Bible Reading for Today: Isaiah 29


Lunch Break Study

Read Colossians 3:22-4:1 (NIV): Slaves, obey your earthly masters in everything; and do it, not only when their eye is on you and to curry their favor, but with sincerity of heart and reverence for the Lord. 23 Whatever you do, work at it with all your heart, as working for the Lord, not for human masters, 24 since you know that you will receive an inheritance from the Lord as a reward. It is the Lord Christ you are serving. 25 Anyone who does wrong will be repaid for their wrongs, and there is no favoritism. 4 Masters, provide your slaves with what is right and fair, because you know that you also have a Master in heaven.

Questions to Consider

  1. Is this passage advocating slavery or unjust employment practices?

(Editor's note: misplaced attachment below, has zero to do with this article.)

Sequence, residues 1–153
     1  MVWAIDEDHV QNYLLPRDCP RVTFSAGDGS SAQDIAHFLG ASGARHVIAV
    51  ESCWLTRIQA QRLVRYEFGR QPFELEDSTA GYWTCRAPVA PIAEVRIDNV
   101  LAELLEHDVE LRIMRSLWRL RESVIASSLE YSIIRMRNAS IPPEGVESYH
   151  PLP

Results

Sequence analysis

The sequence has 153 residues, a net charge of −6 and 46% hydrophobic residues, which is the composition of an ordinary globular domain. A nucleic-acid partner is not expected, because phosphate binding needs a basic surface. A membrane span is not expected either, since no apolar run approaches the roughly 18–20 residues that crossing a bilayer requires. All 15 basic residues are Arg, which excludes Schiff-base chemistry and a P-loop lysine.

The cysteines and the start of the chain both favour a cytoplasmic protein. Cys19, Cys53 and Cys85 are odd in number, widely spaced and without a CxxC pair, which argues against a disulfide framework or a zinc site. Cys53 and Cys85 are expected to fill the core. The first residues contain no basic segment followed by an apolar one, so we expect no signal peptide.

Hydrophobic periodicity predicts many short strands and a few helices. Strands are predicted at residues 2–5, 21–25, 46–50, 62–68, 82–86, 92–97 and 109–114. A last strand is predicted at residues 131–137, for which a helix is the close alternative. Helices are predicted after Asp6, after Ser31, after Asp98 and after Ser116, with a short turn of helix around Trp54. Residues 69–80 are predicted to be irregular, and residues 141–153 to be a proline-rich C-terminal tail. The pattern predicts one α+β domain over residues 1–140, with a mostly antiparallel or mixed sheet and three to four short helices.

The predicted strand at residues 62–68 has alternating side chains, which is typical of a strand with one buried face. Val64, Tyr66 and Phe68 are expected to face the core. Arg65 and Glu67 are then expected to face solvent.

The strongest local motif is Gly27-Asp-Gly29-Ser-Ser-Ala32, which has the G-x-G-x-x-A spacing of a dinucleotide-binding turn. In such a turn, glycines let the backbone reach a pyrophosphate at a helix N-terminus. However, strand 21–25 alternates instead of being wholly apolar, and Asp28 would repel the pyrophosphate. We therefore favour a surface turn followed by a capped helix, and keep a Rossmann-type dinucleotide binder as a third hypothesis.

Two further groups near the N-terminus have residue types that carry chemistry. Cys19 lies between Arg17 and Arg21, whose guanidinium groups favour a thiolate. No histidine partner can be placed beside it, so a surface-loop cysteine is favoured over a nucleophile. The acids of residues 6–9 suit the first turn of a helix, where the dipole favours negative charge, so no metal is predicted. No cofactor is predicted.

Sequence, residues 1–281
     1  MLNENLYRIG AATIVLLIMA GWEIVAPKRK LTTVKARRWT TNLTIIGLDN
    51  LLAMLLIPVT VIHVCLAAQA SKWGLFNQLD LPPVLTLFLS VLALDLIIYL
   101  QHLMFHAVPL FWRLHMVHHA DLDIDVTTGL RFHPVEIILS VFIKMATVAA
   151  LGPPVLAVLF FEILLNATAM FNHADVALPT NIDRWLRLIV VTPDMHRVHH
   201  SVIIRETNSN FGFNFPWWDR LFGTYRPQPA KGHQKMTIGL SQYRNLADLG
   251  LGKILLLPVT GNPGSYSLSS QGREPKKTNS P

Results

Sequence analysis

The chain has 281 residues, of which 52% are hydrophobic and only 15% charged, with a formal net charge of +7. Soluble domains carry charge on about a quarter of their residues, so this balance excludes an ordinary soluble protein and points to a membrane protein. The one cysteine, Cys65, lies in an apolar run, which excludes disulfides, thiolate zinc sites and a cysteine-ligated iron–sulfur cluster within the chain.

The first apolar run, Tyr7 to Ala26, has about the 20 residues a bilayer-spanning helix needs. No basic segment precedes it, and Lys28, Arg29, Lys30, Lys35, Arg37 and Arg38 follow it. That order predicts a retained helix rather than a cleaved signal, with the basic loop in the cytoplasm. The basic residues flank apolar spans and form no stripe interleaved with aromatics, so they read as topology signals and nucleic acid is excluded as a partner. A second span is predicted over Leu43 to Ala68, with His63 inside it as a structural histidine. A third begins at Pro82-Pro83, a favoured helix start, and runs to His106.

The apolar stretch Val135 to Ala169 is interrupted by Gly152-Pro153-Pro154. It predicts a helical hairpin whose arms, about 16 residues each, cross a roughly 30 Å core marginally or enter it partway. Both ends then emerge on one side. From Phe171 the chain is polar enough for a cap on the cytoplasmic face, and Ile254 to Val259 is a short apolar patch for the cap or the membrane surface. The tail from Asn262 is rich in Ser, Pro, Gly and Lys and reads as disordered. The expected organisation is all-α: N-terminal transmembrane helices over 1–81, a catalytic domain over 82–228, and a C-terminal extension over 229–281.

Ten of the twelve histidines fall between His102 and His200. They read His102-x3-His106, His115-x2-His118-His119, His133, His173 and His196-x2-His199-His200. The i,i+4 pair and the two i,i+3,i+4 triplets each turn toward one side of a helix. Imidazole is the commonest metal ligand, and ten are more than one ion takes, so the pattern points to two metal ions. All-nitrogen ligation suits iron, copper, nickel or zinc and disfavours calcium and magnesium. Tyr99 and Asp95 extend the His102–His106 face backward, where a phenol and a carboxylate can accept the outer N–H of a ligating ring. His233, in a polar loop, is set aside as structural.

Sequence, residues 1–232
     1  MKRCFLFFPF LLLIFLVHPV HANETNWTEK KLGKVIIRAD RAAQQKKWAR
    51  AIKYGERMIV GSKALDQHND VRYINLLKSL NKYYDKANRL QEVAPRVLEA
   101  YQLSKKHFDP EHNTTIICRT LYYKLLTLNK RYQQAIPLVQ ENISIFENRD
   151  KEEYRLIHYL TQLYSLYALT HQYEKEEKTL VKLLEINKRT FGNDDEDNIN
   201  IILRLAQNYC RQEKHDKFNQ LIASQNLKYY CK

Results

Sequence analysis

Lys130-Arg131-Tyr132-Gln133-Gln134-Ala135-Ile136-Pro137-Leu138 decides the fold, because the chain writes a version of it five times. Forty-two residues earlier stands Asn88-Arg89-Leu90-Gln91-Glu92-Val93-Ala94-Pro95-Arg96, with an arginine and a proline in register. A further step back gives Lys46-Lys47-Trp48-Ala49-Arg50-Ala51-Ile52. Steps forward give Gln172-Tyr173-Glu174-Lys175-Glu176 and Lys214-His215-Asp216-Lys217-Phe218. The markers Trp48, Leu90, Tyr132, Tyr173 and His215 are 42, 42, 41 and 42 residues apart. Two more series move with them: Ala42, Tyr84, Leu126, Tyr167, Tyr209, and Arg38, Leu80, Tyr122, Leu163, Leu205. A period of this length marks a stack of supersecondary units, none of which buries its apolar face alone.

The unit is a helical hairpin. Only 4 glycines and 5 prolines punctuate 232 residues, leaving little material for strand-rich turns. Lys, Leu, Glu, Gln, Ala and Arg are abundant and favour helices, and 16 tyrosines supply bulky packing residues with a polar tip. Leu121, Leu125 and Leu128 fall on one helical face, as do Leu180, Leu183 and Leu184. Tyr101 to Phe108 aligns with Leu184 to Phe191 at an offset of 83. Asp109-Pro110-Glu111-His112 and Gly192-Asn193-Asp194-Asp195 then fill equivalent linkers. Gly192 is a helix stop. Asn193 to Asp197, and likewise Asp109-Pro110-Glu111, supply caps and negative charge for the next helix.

2. How should Christians relate to their employers?
  3. If you are a Christian employer, how should you relate to your workers?

Notes

  1. This passage has often been used improperly to justify the practice of chattel slavery. However, this form of forced slavery was not what Paul was alluding to. In the Ancient Middle East, many people became indentured servants to pay back debt or deal with other financial hardships. These verses were never meant to promote a stoic acceptance of unfair practices in the workplace.
  2. This passage gives us great insight in terms of the attitude that we should have towards our employers. We should work diligently, even when we are not under direct supervision and be sincere towards them. In the end, a proper work ethic is derived from our reverence for God and the knowledge that we will be rewarded beyond our earthly paychecks if we work as unto the Lord.